New Year’s resolutions for small business owners | Economy | -- Your State. Your News.

Jun 30th
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New Year’s resolutions for small business owners


Whether you have had enough of your current job and are looking to be in charge of your own destiny or are already in business and looking to expand, securing capital is vital to starting up and growing small business ventures in New Jersey.

The passage of the Small Business Jobs Act created a $30 billion lending pool that entrepreneurs can tap into, but that does not mean that getting a business loan is easy. Borrowers still need to be vigilant about their financial record-keeping both professionally and personally, since personal credit history does play a role in the loan application process for most banks and non-bank lenders.

Below are Five Financial New Year's Resolutions for small business owners, as well as those seeking to start their own companies.

1. Improve your personal credit scores

Personal credit scores impact business owners seeking capital. If you are looking to secure financing in 2011, it is important to know that lenders can access your personal credit history from companies such as Equifax and Dun and Bradstreet (D&B). And they make lending decisions based on a combination of both personal and business credit history. So if you have a lot of credit card debt, pay it down — perhaps at a more attractive rate if you can secure capital. If you have a vendor nagging you for invoices past due 90 or 120 days, pay him as soon as possible to get the blemish off your record.

2. Keep better financial records

Having sound financial records is not only good practice, it is also crucial if you want to look for business expansion funding in 2011. Sales revenues, tax statements and other proof of the soundness of your business are necessary to become more attractive to potential lenders. Financial institutions will base their decisions on such data. The records also help you forecast what you think your firm's position will be out into the future. In Biz2Credit's online platform that matches small business borrowers and lenders, data from D&B is incorporated into the system for potential funders to see. It is important to have accurate records to help lenders make decisions in your favor.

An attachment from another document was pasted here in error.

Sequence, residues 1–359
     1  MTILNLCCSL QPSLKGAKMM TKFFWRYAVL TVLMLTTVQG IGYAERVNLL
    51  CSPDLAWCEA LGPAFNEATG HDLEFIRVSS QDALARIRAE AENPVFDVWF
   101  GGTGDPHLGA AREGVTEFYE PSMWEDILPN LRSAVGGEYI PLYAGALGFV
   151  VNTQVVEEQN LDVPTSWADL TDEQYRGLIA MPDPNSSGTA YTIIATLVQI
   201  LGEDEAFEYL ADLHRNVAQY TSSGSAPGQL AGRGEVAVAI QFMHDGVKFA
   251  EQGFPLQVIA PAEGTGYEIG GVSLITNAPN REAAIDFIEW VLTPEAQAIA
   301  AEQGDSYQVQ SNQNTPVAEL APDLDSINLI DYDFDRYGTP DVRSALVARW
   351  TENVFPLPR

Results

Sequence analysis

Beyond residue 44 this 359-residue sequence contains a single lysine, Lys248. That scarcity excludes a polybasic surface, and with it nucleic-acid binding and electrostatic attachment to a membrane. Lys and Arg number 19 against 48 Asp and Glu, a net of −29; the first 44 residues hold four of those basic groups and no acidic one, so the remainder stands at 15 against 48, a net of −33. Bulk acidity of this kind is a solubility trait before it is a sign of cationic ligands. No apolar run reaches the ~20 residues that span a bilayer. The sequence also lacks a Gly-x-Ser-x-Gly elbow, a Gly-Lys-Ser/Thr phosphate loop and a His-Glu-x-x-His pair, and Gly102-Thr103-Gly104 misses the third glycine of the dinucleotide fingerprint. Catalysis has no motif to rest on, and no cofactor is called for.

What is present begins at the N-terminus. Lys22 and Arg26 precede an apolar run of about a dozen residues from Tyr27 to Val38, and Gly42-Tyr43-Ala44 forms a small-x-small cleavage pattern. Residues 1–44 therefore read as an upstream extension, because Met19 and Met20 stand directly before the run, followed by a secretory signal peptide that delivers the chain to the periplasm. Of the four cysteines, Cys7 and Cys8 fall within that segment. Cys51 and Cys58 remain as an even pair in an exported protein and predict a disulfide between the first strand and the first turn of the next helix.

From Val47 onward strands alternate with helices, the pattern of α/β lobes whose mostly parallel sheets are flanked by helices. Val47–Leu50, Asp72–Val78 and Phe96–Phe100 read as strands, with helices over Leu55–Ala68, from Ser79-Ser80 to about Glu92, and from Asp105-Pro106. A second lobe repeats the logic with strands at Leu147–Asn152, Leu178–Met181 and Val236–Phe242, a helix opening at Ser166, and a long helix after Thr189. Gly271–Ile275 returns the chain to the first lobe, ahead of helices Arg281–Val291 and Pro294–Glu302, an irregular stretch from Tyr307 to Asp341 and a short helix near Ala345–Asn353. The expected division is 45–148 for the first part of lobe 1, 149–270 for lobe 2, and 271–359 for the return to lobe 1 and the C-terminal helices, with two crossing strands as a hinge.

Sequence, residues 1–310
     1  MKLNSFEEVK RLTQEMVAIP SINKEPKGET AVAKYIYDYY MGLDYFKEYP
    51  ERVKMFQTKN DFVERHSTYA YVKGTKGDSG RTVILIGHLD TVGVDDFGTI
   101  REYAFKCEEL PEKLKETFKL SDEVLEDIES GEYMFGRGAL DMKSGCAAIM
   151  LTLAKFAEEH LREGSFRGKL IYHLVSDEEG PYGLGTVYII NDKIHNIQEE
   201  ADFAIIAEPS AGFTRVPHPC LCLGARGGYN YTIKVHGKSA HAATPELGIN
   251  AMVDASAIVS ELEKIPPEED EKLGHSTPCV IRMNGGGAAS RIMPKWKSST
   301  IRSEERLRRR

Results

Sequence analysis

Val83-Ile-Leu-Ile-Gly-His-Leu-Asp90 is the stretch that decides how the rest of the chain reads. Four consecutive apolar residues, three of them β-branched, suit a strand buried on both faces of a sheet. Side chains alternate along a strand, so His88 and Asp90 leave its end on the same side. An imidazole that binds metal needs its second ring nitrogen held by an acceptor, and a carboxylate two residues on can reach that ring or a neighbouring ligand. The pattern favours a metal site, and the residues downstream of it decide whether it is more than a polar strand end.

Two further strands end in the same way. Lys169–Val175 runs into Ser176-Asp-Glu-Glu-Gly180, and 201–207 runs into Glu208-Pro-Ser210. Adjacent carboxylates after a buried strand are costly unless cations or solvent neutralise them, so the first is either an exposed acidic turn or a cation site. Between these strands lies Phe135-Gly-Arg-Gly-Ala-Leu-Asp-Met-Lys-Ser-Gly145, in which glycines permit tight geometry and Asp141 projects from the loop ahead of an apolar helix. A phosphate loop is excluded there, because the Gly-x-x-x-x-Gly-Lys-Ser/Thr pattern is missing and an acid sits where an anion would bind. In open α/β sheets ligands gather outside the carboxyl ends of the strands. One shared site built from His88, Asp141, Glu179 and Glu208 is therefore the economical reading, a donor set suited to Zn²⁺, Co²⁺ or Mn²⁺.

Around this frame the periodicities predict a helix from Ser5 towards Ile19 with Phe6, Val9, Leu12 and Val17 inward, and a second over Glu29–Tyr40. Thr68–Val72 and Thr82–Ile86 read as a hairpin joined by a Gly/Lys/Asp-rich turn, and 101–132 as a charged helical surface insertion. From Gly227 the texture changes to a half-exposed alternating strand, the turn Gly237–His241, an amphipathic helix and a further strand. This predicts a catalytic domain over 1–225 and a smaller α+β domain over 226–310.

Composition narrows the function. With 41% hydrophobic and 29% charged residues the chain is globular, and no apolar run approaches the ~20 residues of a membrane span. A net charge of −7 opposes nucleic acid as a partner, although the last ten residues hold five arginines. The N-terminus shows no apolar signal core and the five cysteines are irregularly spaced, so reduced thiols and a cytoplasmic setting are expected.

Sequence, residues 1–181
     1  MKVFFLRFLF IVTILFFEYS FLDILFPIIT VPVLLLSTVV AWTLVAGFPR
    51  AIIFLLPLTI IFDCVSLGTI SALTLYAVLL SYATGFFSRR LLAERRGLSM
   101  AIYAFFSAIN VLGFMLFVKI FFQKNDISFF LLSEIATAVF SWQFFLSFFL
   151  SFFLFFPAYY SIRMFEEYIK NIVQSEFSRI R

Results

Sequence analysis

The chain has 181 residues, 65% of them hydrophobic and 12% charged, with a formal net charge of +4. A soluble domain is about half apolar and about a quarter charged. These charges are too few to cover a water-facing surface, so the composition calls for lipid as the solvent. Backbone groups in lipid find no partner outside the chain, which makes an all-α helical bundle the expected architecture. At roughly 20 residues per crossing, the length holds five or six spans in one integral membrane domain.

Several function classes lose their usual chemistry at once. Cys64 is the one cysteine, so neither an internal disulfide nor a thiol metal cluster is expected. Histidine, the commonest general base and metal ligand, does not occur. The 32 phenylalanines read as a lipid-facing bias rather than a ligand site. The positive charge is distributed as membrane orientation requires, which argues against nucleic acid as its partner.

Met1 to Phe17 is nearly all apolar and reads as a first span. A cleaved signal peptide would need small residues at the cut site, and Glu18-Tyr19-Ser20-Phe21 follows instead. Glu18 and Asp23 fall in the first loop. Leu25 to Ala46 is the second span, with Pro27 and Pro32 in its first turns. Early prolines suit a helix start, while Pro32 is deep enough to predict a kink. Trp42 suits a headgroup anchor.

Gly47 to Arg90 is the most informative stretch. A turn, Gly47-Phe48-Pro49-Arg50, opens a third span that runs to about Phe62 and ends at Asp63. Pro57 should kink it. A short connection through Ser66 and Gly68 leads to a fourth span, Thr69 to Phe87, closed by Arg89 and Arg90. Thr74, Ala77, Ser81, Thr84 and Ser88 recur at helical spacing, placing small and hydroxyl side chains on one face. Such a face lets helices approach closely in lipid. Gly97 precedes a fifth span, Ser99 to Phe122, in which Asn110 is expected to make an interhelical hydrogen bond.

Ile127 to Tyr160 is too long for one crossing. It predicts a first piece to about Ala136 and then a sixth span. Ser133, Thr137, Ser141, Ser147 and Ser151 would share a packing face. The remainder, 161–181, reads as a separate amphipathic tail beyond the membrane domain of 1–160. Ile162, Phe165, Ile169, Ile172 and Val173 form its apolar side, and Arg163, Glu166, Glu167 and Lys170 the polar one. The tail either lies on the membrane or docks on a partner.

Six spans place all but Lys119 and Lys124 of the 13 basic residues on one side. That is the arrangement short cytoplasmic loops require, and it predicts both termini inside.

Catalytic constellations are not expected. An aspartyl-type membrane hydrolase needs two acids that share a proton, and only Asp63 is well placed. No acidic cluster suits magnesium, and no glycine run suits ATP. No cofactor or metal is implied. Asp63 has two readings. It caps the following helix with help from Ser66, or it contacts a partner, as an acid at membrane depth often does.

3. Pay your estimated quarterly taxes; don't procrastinate on annual returns

Getting hit with a large bill on April 15 can be a hardship for many small businesses and obviously puts a dent into cash on hand for business operations. Paying estimated taxes quarterly and having your year-end returns prepared well in advance of Tax Day can help small business owners prepare if they wind up owing money to Uncle Sam or Governor Christie. They can then search funding options to bridge through the tough times. So resolve to start early and give yourself time to prepare in case you owe money to the IRS or the State of New Jersey. If doing it yourself is too challenging, contact a professional tax planner who specializes in small business.

4. Cut your cost of capital

You may be paying too much for your working capital. Banks and other lenders from whom you have borrowed may be charging lower interest rates now. You can either refinance with your current lender or shop around for one who will give you a lower rate. There are many institutions — ranging from big banks to credit unions to micro lenders that specialize in making loans to minority-owned firms and companies in disadvantaged areas — that are making it a priority to provide capital to small businesses.

5. Look into the future

Review your financial statements each quarter and try to forecast the future revenues and expenses. The only way to accurately forecast how your business if going is to analyze your financial documents for each accounting period. There are resources available for you to examine trends in your industry and how your business compares with other companies in the same industry. Then you can make changes to get your firm back on track if there are any issues that need to be addressed.

Small businesses are the engine driving the economy and job growth. In order for new ventures to become successful — and for existing ones to grow — they need capital. Thus, it is important to get your finances in order and secure adequate financing. Quit procrastinating. Lose bad debt. Resolve to improve your financial practices in 2011. You might just find it will make for a happier and more successful New Year.

Rohit Arora, an expert on small business lending, is co-founder and CEO of Biz2Credit (, which connects small business owners with 150+ lenders and service providers via its safe online platform. KPMG ranked Biz2Credit among the top 100 emerging companies in 2008.


Small business needs access to capital more than tax cuts



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